Terry Maguire assesses the pros and cons of a ‘sin tax’, the post-Brexit landscape in terms of public health, and how pharmacists can make a real difference

Aside from his Brexit chicanery, Boris Johnson, the new UK Prime Minister, is currying favour with British Tories promising, among other things, to freeze and then review ‘sin taxes’. Over the past 20 years, taxes and duties have been applied to certain products to modify consumption. Levies on alcohol, tobacco and unhealthy foods have been introduced and have been shown to work in improving health. 

Ironically, as Boris was deriding sin taxes as a tool to change behaviour during his prime ministerial leadership campaign, his party colleague Matt Hancock, Secretary of State for health, was asking the Chief Medical Officer Dame Sally Davis to report back with an extended list of ‘sin tax’ items. 

Calling them ‘sin taxes’ only serves to give them a bad name, but here are the facts. Tobacco use has fallen to 14 per cent of the population of England, from 85 per cent of men in the 1950s, which of course is not just down to the duty on cigarettes, but a combination of initiatives such as public education, brief interventions from GPs and pharmacists, smoking in public places legislation and plain packaging. However, the cost of cigarettes is central to this and is strongly correlated with the likelihood of stopping smoking. A sugar tax in Mexico five years ago reduced consumption of sugary drinks by 20 per cent. A minimum pricing scheme for alcohol in Scotland has reduced dangerous alcohol consumption in target groups by 40 per cent. So why try to overturn this policy direction?

UK Tories seem impressively and surprisingly liberal when it comes to pleasure consumption. Alcohol, sugar and nicotine together produce most of the health inequalities in the UK. From over-consumption of these three items, we get diabetes, COPD, heart disease and cancers. Modifying behaviours, reducing consumption, changing lifestyles is difficult. Restricting access by removing the product or making it more expensive is an effective tool. 

Tobacco use has fallen to 14 per cent of the population of England from 85 per cent of men in the 1950s, which of course is not just down to the duty on cigarettes, but a combination of initiatives such as public education, brief interventions from GPs and pharmacists, smoking in public places legislation and plain packaging…

Irrationally, if not satirically, Mr Johnson pleads that sin taxes disproportionately affect the poor and for this reason, he deems them unfair. But then again, sin taxes also restrict the profits of big business.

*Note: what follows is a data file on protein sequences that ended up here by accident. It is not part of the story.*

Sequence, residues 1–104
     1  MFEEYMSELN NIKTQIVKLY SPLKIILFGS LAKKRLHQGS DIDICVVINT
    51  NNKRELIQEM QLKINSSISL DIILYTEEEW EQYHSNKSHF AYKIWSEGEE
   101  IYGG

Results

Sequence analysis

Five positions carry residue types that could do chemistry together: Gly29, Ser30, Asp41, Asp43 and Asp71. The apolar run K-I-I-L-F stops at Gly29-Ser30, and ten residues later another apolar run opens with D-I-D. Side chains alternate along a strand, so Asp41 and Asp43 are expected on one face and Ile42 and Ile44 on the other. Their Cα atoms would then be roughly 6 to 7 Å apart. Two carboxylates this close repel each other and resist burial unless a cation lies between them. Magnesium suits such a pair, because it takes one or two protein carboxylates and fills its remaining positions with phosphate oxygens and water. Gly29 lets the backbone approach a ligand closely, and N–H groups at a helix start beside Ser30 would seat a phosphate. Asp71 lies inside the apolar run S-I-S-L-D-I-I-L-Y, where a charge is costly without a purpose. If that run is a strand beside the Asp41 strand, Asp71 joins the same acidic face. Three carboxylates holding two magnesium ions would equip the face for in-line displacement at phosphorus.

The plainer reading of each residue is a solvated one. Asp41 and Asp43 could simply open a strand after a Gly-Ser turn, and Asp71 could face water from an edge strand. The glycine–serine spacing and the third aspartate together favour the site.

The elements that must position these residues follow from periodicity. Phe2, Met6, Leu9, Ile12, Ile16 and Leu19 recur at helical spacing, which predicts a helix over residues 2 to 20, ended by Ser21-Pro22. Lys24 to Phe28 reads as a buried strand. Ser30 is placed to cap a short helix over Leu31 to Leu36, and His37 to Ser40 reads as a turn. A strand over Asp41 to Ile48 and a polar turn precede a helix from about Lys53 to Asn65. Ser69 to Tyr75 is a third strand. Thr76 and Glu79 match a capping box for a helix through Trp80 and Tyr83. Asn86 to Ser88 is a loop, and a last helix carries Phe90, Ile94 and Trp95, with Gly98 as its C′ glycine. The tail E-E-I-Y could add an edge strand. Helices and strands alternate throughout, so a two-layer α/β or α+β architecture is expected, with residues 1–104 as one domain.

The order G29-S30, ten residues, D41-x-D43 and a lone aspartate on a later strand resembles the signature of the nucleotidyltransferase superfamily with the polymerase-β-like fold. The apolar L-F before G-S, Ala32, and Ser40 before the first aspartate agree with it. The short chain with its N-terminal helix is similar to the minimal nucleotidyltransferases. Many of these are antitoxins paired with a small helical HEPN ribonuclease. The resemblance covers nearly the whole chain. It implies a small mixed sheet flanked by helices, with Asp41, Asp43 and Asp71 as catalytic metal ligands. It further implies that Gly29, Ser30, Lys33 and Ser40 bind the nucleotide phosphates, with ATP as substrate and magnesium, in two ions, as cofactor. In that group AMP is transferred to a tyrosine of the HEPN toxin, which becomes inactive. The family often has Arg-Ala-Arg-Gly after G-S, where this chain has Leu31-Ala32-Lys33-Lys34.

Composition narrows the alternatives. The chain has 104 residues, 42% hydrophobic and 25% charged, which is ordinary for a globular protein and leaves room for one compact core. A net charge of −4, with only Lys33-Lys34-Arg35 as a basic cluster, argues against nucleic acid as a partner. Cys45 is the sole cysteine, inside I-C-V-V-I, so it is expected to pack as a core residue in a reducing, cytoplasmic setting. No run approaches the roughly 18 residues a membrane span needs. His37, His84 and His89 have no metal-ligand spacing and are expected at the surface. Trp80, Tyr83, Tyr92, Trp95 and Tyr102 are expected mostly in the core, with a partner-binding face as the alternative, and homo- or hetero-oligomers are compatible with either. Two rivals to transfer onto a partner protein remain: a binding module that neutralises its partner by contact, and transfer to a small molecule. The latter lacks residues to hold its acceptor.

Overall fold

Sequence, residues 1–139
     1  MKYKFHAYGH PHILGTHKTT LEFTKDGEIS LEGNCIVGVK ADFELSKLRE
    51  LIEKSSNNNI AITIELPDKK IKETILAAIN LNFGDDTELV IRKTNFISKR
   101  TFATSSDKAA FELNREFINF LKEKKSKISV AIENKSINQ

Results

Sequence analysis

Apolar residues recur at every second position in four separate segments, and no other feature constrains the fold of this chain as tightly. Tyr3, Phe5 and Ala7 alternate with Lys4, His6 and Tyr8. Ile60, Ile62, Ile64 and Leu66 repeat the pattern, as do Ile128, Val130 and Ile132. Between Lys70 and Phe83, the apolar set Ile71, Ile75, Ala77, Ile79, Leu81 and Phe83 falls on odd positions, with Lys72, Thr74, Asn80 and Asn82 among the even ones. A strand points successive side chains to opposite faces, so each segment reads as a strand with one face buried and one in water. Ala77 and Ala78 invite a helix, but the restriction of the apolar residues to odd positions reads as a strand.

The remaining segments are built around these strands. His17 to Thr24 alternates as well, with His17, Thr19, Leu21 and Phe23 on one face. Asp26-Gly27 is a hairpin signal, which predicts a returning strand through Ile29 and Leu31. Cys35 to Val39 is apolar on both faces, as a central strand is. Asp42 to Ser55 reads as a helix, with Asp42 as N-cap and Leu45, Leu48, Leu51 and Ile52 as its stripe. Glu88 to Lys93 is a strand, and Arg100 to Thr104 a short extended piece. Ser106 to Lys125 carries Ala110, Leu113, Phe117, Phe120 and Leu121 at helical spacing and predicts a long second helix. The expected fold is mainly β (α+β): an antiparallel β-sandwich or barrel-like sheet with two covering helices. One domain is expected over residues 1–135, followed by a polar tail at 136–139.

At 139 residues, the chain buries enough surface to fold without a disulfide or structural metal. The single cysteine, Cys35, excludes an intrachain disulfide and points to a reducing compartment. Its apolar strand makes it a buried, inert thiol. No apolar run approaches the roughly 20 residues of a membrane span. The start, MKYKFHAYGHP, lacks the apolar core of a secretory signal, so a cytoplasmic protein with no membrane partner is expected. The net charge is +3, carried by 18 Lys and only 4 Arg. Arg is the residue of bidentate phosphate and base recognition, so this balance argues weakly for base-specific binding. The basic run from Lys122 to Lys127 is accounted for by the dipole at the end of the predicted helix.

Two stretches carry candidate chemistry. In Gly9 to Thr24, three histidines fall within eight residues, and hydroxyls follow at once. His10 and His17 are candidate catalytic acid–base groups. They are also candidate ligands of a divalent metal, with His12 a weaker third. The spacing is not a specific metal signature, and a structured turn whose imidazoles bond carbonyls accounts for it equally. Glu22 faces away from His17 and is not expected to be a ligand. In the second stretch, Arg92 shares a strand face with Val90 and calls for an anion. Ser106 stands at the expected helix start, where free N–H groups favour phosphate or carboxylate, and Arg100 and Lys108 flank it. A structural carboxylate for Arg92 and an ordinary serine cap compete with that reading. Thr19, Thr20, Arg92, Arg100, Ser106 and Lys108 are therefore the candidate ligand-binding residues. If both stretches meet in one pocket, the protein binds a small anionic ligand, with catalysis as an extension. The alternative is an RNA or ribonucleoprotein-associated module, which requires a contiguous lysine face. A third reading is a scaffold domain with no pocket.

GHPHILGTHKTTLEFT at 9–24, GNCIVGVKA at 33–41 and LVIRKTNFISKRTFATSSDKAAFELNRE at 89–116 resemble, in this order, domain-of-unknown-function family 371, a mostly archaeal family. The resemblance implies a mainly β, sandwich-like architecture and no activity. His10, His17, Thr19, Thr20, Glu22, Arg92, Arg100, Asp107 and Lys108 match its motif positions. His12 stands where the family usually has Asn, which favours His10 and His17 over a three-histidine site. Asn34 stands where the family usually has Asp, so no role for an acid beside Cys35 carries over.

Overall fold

Of course, sin taxes will only deliver some change, and a menu of interventions properly supported is more likely to delivery meaningful and sustainable change, and this is where the pharmacist comes in.

N Ireland community pharmacy has now been put onto the front line in supporting behaviour change. A new contract implemented in the current year pays pharmacies to intervene using brief intervention techniques designed to encourage people to make effective changes in their lives. Every two months, a different lifestyle or behaviour is promoted and pharmacies provide leaflets and posters, but more importantly, proactively advise clients. The first campaign was on care in the sun and ran for two months, from June to the end of July. 

Given the indifferent weather this summer, it only kicked-off late in July, but we did give plenty of advice and it seems to have improved my sales of sunscreen.

The next two-month focus is on obesity. We are providing tape measures for waist measurement and we are currently getting refreshed on the facts and figures of obesity and believe me, they are not pretty. October-November will focus on keeping well with cold and flu. 

December-January will focus on antimicrobial stewardship, and February-March considers mental health. It’s a great idea and pharmacies are expected to keep a short record of interventions. What is clear from the evidence is that brief interventions, when undertaken using motivational interviewing techniques, are effective in supporting effective and sustainable change. Of course, this will only be part of the overall activity, of which sin taxes will remain an important aspect.

Looking specifically at obesity, many factors conspire to expel us from the normal weigh category into the overweight category, and then into obesity. It seems we have great difficulty making healthy choices in our current obesogenic environment when it comes to food and exercise. 

Government, since Boris Johnson has taken control, is at risk of sending mixed messages, such as a rejection of ‘sin taxes’. 

As we head towards a post-Brexit Britain, led by people like Boris, we are beginning to see what it will look like to live in a UK that is outside the EU, and it’s looking more and more like overweight America. λ